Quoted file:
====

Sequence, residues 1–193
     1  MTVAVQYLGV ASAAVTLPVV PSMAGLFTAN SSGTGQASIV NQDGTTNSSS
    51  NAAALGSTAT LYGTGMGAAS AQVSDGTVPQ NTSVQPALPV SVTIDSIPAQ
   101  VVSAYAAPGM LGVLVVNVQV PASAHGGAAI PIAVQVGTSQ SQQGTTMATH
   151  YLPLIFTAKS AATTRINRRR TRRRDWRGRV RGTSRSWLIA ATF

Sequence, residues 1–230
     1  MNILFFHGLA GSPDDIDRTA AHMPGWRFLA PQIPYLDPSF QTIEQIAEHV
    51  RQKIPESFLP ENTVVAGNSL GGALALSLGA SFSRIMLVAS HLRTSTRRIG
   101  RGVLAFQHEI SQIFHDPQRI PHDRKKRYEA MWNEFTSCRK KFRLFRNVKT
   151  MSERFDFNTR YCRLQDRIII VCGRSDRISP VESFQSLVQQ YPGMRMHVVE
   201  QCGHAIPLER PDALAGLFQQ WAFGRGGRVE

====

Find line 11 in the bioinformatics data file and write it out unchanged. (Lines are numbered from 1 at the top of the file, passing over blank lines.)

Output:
   201  QCGHAIPLER PDALAGLFQQ WAFGRGGRVE